Aug. 5, 2005
August is National Immunization Awareness Month
The Oswego County Health Department is asking people to make sure they and their loved ones are up-to-date on their immunizations.
"Vaccines are a key to a healthy life for people of all ages and during Immunization Awareness Month we'd like to remind people of the importance of being up-to-date," said Kathleen Smith, Oswego County Commissioner of Health Services.
"In August, parents are enrolling children in school, older students are entering college and adults and the health care community are preparing for the upcoming influenza season. This makes August a particularly good time to focus community attention on the value of immunization," Smith said.
Vaccines have been used since the 1700's and are recognized as among the safest and most effective means of preventing life-threatening infections. Vaccines work by telling the person's immune system to prepare itself for possible exposure to disease-causing viruses or bacteria.
According to Smith, "When the person is actually exposed to the agent, the body knows exactly what to do to fight off the disease. This not only protects the immunized person, but it often limits the infectious organism's ability to pass from person-to-person. Thus, people who cannot be immunized because of underlying medical conditions or who fail to respond to immunization are still protected by virtue of what is referred to as community immunity."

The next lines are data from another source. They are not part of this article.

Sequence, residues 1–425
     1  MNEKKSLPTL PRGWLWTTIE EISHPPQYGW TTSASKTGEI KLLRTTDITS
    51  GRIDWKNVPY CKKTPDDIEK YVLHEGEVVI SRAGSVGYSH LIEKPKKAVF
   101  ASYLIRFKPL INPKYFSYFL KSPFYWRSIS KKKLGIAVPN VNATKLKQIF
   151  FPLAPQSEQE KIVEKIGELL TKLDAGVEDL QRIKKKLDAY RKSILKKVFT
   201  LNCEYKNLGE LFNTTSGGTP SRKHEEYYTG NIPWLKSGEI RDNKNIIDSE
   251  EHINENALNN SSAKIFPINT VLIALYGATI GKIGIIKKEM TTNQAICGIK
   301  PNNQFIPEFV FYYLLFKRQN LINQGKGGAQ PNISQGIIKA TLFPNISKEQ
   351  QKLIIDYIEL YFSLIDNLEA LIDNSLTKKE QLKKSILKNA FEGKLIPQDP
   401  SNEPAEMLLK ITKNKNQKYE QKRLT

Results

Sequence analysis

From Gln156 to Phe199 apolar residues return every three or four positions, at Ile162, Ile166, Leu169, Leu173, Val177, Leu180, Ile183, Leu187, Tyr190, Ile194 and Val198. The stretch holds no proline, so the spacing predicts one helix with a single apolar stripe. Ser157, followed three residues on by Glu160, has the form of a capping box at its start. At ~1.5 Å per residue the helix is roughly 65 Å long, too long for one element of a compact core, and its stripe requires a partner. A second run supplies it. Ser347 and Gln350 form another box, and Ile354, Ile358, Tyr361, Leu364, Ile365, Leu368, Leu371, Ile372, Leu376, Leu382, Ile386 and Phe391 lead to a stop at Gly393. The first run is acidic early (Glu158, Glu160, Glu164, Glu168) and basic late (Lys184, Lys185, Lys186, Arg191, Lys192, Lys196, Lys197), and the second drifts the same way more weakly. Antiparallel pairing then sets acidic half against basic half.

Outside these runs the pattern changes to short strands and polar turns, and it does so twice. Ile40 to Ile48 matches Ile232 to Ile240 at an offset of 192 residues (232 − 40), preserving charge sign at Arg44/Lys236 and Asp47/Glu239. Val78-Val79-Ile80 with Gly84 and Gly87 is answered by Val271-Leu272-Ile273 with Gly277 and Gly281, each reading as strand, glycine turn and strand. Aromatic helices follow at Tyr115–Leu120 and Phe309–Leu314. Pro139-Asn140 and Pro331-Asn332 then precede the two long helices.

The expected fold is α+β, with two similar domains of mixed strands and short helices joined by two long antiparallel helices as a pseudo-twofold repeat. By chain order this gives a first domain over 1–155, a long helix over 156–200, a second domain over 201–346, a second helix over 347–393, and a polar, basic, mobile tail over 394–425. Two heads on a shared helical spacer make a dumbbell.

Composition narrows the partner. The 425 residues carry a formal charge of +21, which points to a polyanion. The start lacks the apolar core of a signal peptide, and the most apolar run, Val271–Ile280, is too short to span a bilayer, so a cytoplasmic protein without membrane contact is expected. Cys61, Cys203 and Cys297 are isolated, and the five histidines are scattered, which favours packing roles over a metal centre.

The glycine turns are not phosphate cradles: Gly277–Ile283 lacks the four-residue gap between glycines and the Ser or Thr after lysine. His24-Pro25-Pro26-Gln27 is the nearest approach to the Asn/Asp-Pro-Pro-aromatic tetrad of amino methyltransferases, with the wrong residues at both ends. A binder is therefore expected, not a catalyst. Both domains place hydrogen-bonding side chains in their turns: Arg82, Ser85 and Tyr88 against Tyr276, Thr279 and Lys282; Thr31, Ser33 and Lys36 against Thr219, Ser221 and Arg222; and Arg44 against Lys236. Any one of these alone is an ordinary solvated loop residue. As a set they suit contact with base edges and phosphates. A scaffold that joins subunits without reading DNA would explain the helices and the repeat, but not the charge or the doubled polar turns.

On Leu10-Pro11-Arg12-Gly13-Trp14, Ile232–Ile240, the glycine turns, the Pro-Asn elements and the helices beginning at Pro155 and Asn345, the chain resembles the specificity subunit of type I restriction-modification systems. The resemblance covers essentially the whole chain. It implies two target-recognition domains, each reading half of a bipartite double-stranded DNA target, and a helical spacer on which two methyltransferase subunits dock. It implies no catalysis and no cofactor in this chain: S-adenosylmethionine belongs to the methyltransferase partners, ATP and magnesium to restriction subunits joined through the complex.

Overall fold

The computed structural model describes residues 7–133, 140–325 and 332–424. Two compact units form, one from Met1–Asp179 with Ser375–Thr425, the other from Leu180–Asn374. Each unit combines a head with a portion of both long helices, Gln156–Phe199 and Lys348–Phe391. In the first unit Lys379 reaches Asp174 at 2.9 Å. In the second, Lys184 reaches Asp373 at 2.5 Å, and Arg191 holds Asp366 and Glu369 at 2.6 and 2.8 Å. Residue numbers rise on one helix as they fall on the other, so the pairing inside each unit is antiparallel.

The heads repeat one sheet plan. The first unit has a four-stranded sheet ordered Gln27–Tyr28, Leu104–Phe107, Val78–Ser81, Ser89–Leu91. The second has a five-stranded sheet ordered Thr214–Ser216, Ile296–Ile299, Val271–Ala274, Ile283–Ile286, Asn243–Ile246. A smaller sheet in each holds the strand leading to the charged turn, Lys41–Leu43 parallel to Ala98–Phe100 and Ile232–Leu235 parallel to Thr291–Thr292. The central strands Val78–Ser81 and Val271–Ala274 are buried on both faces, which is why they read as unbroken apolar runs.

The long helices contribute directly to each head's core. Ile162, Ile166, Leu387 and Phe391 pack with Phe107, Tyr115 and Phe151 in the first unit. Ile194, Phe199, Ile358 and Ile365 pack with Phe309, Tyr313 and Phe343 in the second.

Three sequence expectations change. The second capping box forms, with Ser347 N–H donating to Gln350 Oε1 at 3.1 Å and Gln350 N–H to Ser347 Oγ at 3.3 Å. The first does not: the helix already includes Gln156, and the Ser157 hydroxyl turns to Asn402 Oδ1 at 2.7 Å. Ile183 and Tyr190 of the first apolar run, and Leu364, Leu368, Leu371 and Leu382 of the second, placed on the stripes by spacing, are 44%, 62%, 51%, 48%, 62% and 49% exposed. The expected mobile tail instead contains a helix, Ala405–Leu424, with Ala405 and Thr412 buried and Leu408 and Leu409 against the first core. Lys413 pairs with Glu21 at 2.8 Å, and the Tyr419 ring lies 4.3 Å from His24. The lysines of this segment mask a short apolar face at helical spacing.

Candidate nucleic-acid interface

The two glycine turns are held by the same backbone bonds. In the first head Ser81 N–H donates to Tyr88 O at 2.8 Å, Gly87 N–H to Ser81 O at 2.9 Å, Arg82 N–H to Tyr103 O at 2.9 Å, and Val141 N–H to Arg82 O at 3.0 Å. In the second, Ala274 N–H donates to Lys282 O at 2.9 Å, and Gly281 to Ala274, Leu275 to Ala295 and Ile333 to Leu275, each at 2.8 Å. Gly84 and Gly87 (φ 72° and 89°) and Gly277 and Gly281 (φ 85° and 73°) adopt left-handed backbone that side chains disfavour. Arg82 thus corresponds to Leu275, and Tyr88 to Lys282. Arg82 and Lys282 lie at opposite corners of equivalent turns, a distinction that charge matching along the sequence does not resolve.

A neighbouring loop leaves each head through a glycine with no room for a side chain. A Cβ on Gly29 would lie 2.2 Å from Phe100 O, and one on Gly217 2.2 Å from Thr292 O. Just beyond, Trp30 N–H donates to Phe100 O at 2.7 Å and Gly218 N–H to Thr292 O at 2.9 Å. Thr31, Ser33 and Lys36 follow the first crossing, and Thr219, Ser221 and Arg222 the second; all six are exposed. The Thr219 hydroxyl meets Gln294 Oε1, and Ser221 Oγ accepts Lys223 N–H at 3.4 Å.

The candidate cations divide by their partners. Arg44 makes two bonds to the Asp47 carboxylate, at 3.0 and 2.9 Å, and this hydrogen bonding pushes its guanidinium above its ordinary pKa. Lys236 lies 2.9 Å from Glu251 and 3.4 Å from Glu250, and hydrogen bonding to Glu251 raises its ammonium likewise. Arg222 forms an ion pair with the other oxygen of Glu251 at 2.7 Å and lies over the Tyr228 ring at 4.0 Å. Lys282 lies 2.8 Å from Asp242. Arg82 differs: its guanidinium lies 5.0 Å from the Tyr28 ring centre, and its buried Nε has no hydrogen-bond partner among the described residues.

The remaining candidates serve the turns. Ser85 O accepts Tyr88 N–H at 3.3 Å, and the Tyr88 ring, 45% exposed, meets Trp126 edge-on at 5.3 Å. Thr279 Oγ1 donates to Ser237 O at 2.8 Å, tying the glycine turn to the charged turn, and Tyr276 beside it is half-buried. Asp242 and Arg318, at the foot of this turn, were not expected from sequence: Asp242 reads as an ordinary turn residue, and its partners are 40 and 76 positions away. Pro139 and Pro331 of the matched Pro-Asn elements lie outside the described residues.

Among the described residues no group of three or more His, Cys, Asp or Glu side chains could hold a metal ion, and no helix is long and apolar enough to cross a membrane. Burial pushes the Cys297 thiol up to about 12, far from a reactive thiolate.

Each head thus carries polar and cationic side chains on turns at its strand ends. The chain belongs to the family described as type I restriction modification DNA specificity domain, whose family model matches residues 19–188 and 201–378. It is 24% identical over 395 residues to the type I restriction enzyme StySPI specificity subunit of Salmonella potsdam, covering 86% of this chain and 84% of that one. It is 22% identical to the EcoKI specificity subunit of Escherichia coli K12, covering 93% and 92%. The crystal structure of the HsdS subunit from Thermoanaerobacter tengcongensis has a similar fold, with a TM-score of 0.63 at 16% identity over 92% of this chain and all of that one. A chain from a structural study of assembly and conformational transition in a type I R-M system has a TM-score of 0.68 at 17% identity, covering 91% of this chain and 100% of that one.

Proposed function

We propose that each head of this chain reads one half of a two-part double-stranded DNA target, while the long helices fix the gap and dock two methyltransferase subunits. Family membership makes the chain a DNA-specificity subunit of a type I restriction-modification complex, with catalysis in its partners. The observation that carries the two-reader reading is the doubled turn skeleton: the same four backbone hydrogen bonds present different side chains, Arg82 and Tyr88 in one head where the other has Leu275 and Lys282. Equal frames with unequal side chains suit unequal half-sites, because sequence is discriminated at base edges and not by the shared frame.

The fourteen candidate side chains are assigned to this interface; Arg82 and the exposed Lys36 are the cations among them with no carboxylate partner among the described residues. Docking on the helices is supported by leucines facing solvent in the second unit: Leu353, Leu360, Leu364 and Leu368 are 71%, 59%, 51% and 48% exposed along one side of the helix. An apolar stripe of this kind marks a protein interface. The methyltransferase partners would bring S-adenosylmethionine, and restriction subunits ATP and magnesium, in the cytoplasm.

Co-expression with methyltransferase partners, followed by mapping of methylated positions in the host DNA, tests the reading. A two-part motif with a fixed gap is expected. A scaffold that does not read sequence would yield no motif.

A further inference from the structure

The Centers for Disease Control and Prevention (CDC) recommends that children receive vaccines against diphtheria, tetanus, pertussis, measles, mumps, rubella, chickenpox, polio and others. Adolescents should be vaccinated against tetanus, hepatitis B and meningococcal disease, and others that may have been missed earlier. Adults should receive vaccines against influenza, pneumococcal disease, tetanus and diphtheria.
The Oswego County Health Department holds immunization clinics every Friday morning at the H. Douglas Barclay Courthouse, Pulaski, and every Friday afternoon at the Nick Sterio Public Health Clinic, 70 Bunner St., Oswego. People with questions may call the health department at 349-3547 or 1-800-596-3200, ext. 3547.
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